The Victoria-Camperdown incident is legendary in naval history as a stunning example of what can occur when officers fail to act aggressively in situations where they know that pursuing a particular course will likely result in serious and unnecessary danger to operating forces. It also definitely proves that the most brilliant incident commander is capable of making fatal blunders and that clear communication, even when it includes a strong dissent from junior officers, is the only way to protect troops.
The Victoria incident also underscores that blindly and mechanically completing maneuvers in a rote fashion sets up a dynamic where risk will not be evaluated, at least in real time. In the profession of firefighting, this is particularly true in the area of conducting occupant searches in buildings where there is a very low likelihood of either locating anyone or locating anyone alive and the automatic deployment of a hoseline into a clearly marginal area where, again, the only life safety challenge is to the firefighters themselves. If we took the time to add up all the firefighter fatalities directly attributable to blind obedience and the completion of rote tasks, the Victoria's 358 lost would be a bargain. We need to change that.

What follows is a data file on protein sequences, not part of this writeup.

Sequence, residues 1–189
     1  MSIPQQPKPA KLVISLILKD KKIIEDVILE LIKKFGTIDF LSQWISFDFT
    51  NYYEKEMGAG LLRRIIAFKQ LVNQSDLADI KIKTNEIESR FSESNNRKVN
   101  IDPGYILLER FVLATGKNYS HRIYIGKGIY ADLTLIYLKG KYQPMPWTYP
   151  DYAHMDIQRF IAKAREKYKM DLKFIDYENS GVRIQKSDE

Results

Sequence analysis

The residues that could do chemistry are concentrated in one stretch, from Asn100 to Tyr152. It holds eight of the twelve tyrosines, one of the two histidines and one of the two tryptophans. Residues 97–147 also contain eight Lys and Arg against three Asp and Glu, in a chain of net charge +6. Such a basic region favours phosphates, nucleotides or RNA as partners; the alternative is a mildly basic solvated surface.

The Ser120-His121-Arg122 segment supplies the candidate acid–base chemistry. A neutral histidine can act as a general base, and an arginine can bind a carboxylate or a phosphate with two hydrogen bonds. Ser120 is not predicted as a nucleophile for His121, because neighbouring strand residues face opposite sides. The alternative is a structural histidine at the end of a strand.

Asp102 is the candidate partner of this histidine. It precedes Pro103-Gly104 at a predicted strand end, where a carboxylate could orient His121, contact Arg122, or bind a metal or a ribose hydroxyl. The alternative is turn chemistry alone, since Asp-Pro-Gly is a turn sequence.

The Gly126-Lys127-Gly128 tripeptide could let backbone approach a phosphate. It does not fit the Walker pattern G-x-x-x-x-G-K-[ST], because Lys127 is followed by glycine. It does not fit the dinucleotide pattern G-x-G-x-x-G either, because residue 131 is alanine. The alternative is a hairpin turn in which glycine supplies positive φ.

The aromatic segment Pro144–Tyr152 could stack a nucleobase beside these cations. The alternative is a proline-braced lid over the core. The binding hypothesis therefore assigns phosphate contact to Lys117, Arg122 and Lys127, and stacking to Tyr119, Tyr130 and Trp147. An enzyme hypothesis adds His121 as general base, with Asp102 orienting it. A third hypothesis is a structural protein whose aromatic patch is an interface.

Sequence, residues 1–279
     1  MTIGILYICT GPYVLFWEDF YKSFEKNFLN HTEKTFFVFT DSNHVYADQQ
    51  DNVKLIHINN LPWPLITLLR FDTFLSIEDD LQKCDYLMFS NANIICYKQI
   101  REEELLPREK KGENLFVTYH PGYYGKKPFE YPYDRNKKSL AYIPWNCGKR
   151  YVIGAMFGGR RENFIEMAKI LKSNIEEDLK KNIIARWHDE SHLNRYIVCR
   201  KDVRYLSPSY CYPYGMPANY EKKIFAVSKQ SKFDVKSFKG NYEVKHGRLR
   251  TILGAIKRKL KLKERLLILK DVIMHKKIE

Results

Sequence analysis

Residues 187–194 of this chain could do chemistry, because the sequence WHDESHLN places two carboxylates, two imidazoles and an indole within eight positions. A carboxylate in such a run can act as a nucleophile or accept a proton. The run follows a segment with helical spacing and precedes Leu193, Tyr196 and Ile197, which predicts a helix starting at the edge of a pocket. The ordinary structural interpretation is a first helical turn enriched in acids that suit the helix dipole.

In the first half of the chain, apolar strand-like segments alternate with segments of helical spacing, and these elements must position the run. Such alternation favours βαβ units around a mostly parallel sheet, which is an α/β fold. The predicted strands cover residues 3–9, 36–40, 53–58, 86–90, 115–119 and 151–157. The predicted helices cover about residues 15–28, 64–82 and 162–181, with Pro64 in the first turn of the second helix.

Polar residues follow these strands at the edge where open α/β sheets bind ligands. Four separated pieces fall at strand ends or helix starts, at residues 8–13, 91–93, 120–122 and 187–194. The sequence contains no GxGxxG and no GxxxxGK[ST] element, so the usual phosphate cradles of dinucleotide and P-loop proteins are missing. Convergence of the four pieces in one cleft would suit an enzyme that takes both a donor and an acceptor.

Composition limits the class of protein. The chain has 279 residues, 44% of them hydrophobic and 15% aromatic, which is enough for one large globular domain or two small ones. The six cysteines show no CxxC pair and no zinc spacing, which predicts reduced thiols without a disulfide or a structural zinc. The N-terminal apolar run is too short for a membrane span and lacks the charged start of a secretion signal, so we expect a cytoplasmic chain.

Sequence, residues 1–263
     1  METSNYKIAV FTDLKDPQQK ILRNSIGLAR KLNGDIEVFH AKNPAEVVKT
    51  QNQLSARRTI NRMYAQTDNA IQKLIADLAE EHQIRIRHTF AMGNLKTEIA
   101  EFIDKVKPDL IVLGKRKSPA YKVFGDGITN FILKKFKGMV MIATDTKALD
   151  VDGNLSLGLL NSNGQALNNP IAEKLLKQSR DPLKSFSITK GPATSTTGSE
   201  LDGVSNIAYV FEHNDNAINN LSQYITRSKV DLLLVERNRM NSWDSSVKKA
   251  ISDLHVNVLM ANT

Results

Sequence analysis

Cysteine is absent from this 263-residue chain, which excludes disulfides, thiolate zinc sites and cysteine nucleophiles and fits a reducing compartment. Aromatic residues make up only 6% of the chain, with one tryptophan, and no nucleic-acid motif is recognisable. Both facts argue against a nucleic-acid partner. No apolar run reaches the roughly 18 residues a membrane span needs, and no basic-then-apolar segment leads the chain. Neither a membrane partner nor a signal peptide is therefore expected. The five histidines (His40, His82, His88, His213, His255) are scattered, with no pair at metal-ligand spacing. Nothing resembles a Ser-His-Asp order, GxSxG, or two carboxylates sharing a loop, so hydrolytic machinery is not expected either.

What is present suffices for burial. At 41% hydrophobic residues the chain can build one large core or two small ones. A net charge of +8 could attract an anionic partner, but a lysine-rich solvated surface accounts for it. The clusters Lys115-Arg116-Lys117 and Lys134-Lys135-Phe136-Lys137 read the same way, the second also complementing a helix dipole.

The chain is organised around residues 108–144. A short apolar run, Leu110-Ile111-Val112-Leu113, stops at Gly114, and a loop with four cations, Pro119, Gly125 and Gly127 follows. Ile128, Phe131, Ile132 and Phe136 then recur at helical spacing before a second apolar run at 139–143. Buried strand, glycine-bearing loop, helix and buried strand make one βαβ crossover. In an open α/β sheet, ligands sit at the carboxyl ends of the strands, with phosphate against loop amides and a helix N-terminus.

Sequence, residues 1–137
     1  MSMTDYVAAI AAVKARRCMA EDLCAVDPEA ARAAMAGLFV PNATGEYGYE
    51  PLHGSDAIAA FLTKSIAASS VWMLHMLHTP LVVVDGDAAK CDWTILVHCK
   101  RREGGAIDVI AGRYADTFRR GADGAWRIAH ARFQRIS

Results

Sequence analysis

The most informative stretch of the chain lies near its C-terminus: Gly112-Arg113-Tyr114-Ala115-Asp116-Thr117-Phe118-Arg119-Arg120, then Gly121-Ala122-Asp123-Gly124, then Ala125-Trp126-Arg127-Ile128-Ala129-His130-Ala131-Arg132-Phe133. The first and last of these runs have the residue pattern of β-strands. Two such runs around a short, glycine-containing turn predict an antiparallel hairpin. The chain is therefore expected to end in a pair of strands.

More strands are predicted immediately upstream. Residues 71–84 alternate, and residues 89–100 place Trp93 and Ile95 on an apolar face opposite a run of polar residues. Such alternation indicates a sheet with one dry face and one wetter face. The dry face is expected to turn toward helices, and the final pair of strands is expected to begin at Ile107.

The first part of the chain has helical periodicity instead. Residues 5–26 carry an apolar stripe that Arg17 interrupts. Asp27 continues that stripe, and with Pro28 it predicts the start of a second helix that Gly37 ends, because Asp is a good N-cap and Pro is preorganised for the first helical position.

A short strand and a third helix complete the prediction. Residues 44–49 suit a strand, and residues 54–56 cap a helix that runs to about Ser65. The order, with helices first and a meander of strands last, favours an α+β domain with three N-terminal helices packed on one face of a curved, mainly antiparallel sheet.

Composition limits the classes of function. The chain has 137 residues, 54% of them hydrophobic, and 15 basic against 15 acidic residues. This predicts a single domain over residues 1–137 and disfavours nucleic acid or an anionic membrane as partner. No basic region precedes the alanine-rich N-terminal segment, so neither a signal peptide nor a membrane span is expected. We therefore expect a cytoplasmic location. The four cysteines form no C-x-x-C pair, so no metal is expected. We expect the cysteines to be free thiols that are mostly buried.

Questions For A Training Discussion:
- What kept the other officers from speaking up?
- What level of risk is appropriate for a training exercise?
- How can an incident commander ensure that they are receiving critical information and feedback?
- What are some ways to ensure that risk is evaluated in real time?